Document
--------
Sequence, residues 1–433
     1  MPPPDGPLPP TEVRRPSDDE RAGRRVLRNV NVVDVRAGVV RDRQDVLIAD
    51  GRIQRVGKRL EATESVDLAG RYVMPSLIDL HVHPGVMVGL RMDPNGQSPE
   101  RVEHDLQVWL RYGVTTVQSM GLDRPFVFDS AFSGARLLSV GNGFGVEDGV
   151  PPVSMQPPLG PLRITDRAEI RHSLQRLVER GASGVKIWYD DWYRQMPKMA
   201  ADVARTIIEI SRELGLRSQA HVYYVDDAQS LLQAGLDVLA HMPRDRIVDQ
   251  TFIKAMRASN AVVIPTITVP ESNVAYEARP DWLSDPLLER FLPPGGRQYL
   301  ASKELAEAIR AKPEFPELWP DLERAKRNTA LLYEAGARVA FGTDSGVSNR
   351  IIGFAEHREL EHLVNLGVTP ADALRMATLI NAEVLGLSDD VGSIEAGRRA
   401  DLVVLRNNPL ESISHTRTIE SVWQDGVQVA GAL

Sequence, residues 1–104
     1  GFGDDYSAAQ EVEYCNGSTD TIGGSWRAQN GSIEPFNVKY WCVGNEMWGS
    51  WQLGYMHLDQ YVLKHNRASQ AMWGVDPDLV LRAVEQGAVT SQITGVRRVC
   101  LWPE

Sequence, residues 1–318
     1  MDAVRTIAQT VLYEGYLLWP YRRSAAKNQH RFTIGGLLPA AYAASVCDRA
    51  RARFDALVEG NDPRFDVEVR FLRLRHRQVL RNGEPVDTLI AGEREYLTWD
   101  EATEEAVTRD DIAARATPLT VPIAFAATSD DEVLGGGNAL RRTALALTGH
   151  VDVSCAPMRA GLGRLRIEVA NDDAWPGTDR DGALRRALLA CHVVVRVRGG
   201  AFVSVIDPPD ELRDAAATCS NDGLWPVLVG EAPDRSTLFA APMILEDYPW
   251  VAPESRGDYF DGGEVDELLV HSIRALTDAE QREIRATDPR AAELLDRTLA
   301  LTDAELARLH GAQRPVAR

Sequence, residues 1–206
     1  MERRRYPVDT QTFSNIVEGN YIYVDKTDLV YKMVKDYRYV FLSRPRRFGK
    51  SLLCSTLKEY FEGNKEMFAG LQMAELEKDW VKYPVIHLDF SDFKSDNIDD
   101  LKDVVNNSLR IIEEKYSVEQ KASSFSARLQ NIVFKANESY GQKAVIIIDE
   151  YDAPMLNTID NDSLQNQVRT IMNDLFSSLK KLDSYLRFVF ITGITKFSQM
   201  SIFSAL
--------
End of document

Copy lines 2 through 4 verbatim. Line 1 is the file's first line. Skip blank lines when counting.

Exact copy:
     1  MPPPDGPLPP TEVRRPSDDE RAGRRVLRNV NVVDVRAGVV RDRQDVLIAD
    51  GRIQRVGKRL EATESVDLAG RYVMPSLIDL HVHPGVMVGL RMDPNGQSPE
   101  RVEHDLQVWL RYGVTTVQSM GLDRPFVFDS AFSGARLLSV GNGFGVEDGV